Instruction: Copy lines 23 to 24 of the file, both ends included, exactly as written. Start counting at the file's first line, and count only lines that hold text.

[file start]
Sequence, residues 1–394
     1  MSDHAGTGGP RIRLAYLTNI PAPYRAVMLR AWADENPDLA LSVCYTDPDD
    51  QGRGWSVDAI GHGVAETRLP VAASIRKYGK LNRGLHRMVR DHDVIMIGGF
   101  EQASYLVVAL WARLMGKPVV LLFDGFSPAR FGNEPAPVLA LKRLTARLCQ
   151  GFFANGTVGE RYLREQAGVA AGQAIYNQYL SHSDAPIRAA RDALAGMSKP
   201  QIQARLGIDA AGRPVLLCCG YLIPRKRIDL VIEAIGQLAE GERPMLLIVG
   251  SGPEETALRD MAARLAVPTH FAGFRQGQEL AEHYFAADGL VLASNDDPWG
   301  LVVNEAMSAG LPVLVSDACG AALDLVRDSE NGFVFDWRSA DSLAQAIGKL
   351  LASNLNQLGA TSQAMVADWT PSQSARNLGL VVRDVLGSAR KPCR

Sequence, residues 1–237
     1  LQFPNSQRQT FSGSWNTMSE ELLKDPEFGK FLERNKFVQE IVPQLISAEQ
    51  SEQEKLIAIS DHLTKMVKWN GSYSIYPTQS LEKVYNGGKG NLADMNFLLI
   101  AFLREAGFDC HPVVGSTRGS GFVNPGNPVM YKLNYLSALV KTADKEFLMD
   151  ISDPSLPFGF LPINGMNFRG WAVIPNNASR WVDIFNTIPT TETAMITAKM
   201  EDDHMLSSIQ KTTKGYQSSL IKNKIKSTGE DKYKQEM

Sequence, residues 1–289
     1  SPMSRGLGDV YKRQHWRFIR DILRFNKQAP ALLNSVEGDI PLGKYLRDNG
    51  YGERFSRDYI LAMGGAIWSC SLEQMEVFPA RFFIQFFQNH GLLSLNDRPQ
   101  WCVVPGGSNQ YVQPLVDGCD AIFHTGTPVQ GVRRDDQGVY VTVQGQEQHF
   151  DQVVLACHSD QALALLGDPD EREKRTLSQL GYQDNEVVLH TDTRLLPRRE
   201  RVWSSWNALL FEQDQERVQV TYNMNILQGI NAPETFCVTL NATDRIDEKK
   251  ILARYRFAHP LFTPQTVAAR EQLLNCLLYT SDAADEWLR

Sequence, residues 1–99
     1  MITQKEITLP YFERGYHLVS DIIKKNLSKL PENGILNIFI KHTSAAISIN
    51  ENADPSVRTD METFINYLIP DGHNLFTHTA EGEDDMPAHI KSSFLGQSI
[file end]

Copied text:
Sequence, residues 1–99
     1  MITQKEITLP YFERGYHLVS DIIKKNLSKL PENGILNIFI KHTSAAISIN